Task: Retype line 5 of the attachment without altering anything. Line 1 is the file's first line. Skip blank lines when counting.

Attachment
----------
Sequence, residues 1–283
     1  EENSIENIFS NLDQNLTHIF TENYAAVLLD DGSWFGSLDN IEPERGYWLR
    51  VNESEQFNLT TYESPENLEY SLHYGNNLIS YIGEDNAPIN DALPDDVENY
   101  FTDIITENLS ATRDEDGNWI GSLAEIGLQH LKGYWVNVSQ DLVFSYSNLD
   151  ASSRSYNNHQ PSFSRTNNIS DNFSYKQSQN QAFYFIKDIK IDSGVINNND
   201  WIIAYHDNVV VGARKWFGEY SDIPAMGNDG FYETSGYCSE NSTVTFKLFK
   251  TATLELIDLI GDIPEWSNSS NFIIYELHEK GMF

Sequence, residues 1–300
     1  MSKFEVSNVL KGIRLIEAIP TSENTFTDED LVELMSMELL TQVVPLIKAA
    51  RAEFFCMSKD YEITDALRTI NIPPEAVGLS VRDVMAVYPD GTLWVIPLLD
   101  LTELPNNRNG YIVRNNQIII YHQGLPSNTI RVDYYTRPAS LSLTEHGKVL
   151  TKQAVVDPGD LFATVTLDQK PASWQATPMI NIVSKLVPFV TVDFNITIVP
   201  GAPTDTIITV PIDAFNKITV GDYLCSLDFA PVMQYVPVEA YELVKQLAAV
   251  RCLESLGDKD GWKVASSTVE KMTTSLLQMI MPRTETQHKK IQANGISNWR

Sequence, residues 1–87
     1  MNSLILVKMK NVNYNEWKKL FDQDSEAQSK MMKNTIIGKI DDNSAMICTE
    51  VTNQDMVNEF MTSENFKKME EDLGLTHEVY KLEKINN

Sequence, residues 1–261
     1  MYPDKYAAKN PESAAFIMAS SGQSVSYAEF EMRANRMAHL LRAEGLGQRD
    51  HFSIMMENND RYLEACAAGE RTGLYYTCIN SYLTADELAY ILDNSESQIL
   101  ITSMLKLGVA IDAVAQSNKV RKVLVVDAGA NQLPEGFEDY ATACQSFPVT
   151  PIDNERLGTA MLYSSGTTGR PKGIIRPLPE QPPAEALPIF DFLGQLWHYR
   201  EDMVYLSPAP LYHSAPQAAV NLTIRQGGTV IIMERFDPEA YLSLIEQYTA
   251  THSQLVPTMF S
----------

   151  ASSRSYNNHQ PSFSRTNNIS DNFSYKQSQN QAFYFIKDIK IDSGVINNND